The Palace of Electricity, created by Eugène Hénard, was a magnificent symbol of progress and modernity that was as remarkable for its beauty as for its essential function on the Expo site. Behind its intricately designed façade featuring multi-coloured lights, the Palace of Electricity provided all the electrical power for the Expo site, which was entirely lit up and featured numerous fountains and water features.

Visitors seeking an overall view of the Expo had the opportunity to take a ride on the Chicago Ferris Wheel, rising 70 metres above the ground. The Wheel stayed in Paris until 1937 and served as a model for later attractions.

Along the banks of the Seine, Le Vieux Paris by Albert Robida recreated the city’s former architectural styles, offering a journey into the past. The Village Suisse also offered visitors an escape, with a reconstruction of a typical Swiss Alpine village created by Charles Henneberg and Jules Allemand. While the village no longer exists, the area in which it was located, today known for its antique stores and art galleries, is still known as the Swiss village.

Progress, modernity and science for all

In addition to electricity, science was on display throughout the Expo site, with the aim of educating as wide an audience as possible. A large celestial globe by Paul Louis Albert Algeron informed visitors about astronomy and allowed them to visualise the Earth and the movement of the stars and planets. Featuring concerts conducted by Saint-Saëns, the 40-metre sphere rose 60 metres above the ground, though its design was less ambitious than the initial proposal submitted by geographer Élisée Reclus.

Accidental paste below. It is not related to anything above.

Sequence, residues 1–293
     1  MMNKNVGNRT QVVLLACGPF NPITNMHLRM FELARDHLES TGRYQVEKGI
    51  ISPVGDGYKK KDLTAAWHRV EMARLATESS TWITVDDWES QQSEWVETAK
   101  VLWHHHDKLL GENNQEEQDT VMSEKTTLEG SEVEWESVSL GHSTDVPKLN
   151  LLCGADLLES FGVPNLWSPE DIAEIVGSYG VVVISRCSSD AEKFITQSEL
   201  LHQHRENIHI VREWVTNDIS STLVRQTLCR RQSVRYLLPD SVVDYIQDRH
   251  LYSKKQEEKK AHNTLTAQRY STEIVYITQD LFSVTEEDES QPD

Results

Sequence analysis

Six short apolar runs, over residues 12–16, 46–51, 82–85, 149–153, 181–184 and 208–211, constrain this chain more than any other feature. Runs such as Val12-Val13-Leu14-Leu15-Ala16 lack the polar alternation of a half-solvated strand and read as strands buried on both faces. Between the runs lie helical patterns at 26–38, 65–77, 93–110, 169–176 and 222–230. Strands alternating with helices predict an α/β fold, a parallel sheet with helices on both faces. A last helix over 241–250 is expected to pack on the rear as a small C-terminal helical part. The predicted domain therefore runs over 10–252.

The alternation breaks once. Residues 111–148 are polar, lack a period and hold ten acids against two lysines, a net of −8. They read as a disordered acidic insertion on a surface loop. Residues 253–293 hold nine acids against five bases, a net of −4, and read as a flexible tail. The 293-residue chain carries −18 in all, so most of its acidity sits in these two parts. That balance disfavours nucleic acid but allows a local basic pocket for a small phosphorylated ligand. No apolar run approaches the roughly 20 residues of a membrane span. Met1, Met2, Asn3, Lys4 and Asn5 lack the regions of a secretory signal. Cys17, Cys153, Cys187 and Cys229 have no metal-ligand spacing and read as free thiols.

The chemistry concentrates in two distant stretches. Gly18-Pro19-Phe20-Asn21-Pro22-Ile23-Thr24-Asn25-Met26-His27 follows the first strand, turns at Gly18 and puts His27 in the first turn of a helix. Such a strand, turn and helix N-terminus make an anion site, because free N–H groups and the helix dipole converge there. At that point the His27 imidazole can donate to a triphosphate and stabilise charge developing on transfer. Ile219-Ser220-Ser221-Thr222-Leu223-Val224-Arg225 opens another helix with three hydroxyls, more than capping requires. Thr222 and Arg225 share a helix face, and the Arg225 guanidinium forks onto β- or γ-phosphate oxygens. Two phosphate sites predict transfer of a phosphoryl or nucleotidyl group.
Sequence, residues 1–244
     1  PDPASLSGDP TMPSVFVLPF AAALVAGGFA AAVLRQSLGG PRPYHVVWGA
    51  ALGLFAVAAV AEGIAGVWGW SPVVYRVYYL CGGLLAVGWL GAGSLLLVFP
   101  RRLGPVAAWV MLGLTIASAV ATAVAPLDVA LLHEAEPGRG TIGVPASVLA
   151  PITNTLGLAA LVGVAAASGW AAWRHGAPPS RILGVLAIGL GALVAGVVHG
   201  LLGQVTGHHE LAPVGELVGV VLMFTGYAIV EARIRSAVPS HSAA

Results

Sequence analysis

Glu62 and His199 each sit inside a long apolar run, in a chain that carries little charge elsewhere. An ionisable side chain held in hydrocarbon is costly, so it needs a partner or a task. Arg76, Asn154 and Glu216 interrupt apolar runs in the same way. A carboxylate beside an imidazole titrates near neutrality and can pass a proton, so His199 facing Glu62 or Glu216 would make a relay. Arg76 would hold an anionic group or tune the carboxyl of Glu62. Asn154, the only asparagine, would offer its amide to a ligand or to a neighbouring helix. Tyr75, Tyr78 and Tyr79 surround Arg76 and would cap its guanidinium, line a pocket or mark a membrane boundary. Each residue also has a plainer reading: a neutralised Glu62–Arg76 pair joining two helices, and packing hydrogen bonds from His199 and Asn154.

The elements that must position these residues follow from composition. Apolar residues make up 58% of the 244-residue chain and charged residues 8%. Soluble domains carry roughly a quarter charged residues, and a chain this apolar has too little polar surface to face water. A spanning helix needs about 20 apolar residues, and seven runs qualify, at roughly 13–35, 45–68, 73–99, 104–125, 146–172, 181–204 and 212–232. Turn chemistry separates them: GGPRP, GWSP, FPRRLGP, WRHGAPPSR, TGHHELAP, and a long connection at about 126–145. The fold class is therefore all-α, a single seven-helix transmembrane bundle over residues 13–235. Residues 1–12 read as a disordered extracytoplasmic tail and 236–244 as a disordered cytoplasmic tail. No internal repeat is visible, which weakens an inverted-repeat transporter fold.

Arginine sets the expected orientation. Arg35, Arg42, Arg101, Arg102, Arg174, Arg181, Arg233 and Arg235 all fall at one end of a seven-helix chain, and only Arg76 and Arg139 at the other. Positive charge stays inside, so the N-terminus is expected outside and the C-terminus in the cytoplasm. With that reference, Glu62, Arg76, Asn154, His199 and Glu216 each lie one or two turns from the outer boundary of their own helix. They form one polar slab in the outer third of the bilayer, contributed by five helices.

Hugo d’Alési’s Mareorama exhibit embarked visitors on a replica ship perched five metres above the ground, taking them on a visit through different cities by using panoramic paintings and a motion platform. While moving picture exhibits already existed, the Mareorama offered a fully immersive journey by moving the visitors – up to 1,500 at a time – within the replica ship, creating a virtual and musical voyage from Marseille to Constantinople.